• 4.3.4 Global Reporting Initiative
  • 4.3.5 Extractive Industries Transparency Initiative
  • 4.3.6 Voluntary Principles on Security and Human Rights
  • 4.3.7 Mining and protected areas
  • 4.4 Institutional architecture
  • 5. Regimes of governance of oil and gas resources
  • 5.1 Trade
  • 5.1.1 Transit
  • 5.1.2 Institutional regimes
  • 5.1.2.1 World Trade Organization (WTO)
  • 5.1.2.2 Conference on the Energy Charter Treaty
  • 5.1.2.3 Preferential trade arrangements
  • 5.1.2.4 Organization of the Petroleum Exporting Countries (OPEC)
  • 5.1.2.5 Gas Exporting Countries Forum (GECF)
  • 5.2 Investment protection
  • 5.2.1 Investment agreements
  • 5.2.2 Expropriation
  • 5.2.3 Conditions for legality of expropriation
  • 5.2.3.1 Public purpose
  • 5.2.3.2 Prohibition of discrimination
  • 5.2.3.3 Due process
  • 5.2.3.4 Compensation
  • 5.2.3.5 Proportionality
  • 5.2.3.6 Fair and equitable treatment
  • 5.2.3.7 Nonabuse of rights
  • 5.2.3.8 No direct benefit to the state
  • 5.2.4 Specificity of investments in the mining sector
  • 5.3 Environmental protection
  • 5.3.1 Climate
  • 5.3.1.1 United Nations
  • 5.3.1.2 WTO
  • 5.3.1.3 Energy Charter Conference
  • 5.3.1.4 European Union
  • 5.3.1.5 NAFTA
  • 5.3.2 Sustainable and equitable governance of the extractive industry
  • 5.3.3 Biodiversity
  • 5.3.4 Strategic environmental impact assessment
  • 5.4 Extractable resources in marine areas
  • 5.4.1 Establishment of sovereignty over the resources of the subsoil and seabed of the continental shelf
  • 5.4.2 Exploitation of mining resources based on the UN Convention on the Law of the Sea
  • 5.4.3 Regional conventions
  • 5.5 Transparency and accountability
  • 5.5.1 International initiatives
  • 5.5.2 Creating global norms and standards
  • 5.5.3 Transparency and public control in investment and arbitration agreements
  • 5.5.4 Anti-corruption regulations
  • 5.6 Protection of local communities
  • 5.6.1 Community development agreements
  • 5.6.2 The principle of free, prior and informed consent of indigenous peoples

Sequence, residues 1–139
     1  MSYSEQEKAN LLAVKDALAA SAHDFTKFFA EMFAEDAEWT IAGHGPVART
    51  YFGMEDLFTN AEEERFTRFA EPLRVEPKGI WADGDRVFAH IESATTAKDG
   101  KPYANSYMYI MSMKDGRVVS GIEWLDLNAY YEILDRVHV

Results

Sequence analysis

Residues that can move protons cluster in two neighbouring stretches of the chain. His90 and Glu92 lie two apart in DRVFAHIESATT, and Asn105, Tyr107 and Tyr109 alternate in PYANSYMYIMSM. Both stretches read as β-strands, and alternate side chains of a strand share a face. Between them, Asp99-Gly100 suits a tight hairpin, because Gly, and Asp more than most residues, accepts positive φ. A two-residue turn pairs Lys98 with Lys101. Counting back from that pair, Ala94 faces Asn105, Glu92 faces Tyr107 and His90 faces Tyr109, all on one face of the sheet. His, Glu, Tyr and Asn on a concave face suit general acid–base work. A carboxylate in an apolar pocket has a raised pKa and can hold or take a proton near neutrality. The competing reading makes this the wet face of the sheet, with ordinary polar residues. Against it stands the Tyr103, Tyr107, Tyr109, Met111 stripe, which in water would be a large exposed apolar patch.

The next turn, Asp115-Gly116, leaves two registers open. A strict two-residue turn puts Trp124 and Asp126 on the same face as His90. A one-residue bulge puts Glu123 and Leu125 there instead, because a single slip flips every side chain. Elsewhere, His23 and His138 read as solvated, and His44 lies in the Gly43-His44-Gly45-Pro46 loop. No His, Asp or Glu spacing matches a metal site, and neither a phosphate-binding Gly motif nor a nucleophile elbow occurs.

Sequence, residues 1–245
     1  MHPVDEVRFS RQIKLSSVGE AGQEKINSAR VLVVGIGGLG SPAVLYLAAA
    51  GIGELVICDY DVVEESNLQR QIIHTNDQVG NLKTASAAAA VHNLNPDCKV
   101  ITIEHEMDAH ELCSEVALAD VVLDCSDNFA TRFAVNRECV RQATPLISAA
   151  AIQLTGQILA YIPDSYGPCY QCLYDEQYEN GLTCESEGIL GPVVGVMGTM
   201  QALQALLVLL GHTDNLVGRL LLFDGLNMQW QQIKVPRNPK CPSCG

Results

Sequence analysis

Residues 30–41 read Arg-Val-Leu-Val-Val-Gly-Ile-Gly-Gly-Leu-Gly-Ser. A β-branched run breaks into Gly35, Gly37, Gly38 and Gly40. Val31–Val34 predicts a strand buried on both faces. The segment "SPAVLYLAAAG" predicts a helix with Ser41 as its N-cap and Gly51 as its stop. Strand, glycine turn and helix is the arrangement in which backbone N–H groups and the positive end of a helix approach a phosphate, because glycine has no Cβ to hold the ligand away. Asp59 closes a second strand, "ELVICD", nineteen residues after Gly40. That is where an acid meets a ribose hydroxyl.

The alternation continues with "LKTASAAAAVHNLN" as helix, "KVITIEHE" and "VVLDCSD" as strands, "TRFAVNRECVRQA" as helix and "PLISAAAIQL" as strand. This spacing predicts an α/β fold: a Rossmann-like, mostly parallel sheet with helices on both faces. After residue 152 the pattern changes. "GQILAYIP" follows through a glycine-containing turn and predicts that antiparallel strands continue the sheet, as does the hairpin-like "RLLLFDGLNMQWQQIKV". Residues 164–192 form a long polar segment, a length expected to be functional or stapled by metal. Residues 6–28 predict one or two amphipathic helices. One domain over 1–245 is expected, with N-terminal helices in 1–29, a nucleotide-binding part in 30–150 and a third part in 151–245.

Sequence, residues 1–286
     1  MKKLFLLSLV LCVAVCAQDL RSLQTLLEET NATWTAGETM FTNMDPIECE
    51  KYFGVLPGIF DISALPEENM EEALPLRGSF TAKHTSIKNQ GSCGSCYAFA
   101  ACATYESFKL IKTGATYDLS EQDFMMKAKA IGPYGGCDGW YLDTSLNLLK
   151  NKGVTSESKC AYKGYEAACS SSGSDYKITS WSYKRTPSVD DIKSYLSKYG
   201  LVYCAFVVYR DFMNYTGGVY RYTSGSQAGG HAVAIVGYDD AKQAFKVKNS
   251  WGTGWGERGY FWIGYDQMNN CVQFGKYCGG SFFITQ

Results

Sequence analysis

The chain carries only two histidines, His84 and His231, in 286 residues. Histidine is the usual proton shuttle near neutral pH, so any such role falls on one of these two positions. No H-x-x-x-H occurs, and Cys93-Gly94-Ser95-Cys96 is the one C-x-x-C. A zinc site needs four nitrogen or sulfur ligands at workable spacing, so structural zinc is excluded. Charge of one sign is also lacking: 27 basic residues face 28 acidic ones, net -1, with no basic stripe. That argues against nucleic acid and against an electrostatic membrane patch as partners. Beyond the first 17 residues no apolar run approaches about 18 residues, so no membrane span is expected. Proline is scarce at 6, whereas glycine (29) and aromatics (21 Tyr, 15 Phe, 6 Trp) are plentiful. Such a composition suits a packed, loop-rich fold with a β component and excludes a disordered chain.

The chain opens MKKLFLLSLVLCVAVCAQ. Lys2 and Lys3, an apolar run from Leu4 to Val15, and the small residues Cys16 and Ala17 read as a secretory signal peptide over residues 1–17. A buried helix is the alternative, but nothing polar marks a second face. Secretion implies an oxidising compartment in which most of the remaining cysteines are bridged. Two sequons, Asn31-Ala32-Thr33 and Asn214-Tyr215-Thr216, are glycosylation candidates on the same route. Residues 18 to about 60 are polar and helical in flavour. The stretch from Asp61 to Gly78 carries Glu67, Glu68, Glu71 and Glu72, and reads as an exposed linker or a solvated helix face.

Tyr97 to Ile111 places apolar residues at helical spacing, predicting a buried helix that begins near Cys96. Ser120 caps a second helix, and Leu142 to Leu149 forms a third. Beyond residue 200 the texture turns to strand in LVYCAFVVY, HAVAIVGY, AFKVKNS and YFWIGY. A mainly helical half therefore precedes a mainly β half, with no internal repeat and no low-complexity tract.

• 5.6.2.1 International human rights law
  • 5.6.2.2 International environmental law
  • 5.6.2.3 The procedure for obtaining consent
  • 5.6.3 Due diligence
  • 5.6.3.1 The state duty to protect human rights
  • 5.6.3.2 Corporate responsibility in the field of respect for human rights
  • 5.6.3.3 Remedial mechanisms
  • 5.6.3.4 Reporting
  • Summary
  • Bibliography
  • 1.   Legal acts
  • 2.   Monographs
  • 3.   Articles
  • 4.   Rulings
  • 5.   Documents
  • Index

1. Introduction

Oil and gas, as the main sources of global energy supply, have always been heavily influenced by political activities. Due to their fundamental importance to states, they were also often excluded from legal activities. The forecasts for 2035 allow us to expect that oil and gas will remain the dominant sources of the world’s primary energy.2 In the near future, reliable consumer access to oil and gas at reasonable prices will still be a key strategic value. For producing countries, oil and gas will remain important sources of income and key drivers for the growth of their economies. Examining the issues of global governance on oil and gas resources under international law is justified by the importance of these resources for the entire global community as the dominant sources of global primary energy.